Today marks the one year anniversary of Eternal Press. Happy birthday EP! It also see the release of my new novella. Check it out...
One woman. One man. A daring voyage across an alien ocean. The Elemental Crossing is the exciting sequel to Robert Appleton’s science-fiction adventure, The Eleven-Hour Fall.
After their hard-won escape from the perils of the desert, Kate and Jason are faced with their most difficult challenge yet on Kratos - crossing a vast ocean on just an improvised raft. Their relationship grows as hope dwindles. Procuring food, water, and a safe course across stretches their survival expertise to its limits. Despite help from an unexpected ally, what lurks beneath the surface of this alien sea?
Intimate character reflections weave through the epic scale of this second installment in the thrilling romantic survival series.
The occasional coarse gust stung Kate’s ears and tried to unstitch a wound on Jason’s chin; by the time the winds eased, both were red raw. The sky, too, bled reddish purple between blue clouds.
Bruised in the aftermath, thought Kate.
Jason suddenly scooped her off her feet from behind and, holding her close, pressed his cheek against hers.
“We’ve made it,” he said softly. “The only sand from now on is beachfront property.”
Kate closed her eyes and sighed. Swept up by the man of her dreams, her lift was physical, spiritual, vital. A week ago, in the desert, she had started a survival cycle for two; here, on the mysterious shore of a green-blue ocean, the cycle had come full circle. Jason Remington…Jason and I. Though fate had raised its skull and crossbones more than once on Kratos—most tragically to sink the Fair Monique—Kate had in fact won everything she’d wanted: her man, her life, and a chance to explore a hidden world. But in the bargain, just as many questions, if not more. Their journey to the ocean was now complete…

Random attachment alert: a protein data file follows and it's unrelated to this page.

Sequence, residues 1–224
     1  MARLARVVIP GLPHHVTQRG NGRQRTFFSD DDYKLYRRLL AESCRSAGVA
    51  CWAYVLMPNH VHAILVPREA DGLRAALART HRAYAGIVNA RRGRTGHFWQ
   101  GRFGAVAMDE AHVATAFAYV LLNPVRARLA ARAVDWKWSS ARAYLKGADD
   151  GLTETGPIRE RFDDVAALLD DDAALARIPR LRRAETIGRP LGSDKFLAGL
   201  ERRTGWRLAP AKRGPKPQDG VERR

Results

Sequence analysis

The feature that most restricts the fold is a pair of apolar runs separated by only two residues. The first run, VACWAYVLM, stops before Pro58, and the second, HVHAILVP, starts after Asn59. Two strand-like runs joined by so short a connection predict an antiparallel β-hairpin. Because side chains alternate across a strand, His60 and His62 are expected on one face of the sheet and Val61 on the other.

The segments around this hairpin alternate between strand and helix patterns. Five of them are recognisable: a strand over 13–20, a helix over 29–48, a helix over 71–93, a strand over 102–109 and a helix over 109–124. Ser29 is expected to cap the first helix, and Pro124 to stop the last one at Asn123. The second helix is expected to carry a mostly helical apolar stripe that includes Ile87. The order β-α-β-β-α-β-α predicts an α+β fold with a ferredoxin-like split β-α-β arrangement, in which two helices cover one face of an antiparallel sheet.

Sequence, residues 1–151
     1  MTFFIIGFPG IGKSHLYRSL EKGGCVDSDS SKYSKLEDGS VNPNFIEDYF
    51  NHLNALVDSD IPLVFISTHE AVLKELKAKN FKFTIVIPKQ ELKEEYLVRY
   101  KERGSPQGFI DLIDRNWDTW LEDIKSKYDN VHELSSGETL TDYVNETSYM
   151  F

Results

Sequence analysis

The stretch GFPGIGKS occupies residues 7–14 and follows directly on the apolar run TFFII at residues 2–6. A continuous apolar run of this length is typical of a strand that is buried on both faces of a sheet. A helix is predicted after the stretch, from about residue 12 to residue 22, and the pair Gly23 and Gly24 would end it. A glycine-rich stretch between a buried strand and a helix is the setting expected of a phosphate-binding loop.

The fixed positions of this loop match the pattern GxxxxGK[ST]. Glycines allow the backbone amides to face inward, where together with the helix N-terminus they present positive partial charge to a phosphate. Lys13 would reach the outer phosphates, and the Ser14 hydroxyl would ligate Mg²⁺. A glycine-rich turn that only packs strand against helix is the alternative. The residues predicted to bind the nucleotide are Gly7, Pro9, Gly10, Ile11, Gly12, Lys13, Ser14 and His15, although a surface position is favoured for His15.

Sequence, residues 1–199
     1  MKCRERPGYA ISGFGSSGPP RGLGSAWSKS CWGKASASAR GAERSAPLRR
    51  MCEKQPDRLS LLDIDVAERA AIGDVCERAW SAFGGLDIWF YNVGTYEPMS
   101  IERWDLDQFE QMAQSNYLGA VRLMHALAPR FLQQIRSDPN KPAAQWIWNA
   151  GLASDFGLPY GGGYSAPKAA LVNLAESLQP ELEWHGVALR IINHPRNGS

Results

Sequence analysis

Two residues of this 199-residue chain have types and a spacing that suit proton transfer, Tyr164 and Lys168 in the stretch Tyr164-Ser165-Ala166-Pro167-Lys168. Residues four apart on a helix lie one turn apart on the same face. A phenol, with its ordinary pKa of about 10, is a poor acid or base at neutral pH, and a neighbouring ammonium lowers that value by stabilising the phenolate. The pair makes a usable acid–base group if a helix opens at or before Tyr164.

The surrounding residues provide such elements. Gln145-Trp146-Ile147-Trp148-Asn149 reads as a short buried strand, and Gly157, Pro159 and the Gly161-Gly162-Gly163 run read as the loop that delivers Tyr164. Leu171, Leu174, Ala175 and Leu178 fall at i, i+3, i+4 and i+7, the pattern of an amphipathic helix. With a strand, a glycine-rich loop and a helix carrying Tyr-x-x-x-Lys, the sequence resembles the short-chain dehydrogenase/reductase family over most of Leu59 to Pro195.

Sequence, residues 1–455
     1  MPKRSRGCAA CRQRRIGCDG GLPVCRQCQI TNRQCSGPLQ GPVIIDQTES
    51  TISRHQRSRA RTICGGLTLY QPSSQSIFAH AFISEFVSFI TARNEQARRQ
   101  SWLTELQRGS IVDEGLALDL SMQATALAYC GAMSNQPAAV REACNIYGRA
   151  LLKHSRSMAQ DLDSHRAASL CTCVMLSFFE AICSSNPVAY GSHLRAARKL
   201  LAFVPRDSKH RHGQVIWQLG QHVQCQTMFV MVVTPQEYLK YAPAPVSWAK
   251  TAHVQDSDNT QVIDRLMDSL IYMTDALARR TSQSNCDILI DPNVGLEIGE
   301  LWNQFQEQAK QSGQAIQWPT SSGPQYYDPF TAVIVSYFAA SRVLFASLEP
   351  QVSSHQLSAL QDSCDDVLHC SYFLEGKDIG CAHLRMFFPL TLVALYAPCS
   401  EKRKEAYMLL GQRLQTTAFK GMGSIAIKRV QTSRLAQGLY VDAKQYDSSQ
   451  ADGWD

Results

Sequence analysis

But in a survival cycle, she knew nothing was ever complete.
The seascape was an elemental brew, a dark green wilderness settling after a hurricane upheaval. It tossed columns of spray from the crests of its swells. These danced and merged like feverish loners in an icy rave. Two miles to the north, the giant precipice curtailed the ocean for as far as the eye could see. This straight line amid the chaos haunted Kate. The idea of an entire ocean being little more than a puddle on the surface of a giant craft made her swallow self-consciously.
“If you had to guess, how far would you say it stretches?” Jason asked.
“Well, how far can we see to the horizon?”
“Hmm…” He shrugged. “Say about five times farther than on Earth.”
“That’s conservative,” she replied. “Kratos is proportionally a lot bigger than that.”
“Yes, but our eyes can’t see infinitely through this atmosphere,” added Jason.
“I know—the electromagnetic anomaly we were told about. Something to do with gravitational distortion.”
“Let’s just say if there wasn’t an anomaly, we’d never have made it through the E.M. shield. The biggest planet ever explored, in terms of circumference; I can’t even imagine the gravitational forces we should be experiencing right now.”
“We’re miraculous survivors on a miraculous world,” she said vacantly. “And you can make a note of that for our epitaph.”
Jason chuckled and kissed her on the cheek before setting her down on the sand.
He resumed his walk. “So what’s the plan?”
“I thought this was the plan,” she replied.
“I mean what now? Saying we can make a go of it here for a while—if there’s a permanent food supply—what next, Mrs. Miraculous Survivor on a miraculous world? Where do we go from here?”
Kate smiled. “Haven’t the foggiest.”
Spectacular! The underwater visibility improved dramatically. Jason felt as if they’d crossed a purifying meridian. The partition between pale, murky green and glassy emerald stood out a mile, as clearly defined as night and day. Kate dipped her hand in the new water.
“It’s balmy,” she said, wide-eyed.
“Shall we try it out?” asked Jason.
Kate hung from the starboard side, Jason from the port. They submerged to view the secrets of the transparent ocean. From between clouds, capes of sunlight wavered across the deep, highlighting minute formations of sea life no bigger than fingernails and introducing enormous, roving shapes that spread and contracted like bloating submarines. Slender white shoots stretched up to within a hundred feet of the surface; these were identical to the spaghetti slime-line Jason had snagged during his fishing debacle. Quite where they originated from he still couldn’t fathom.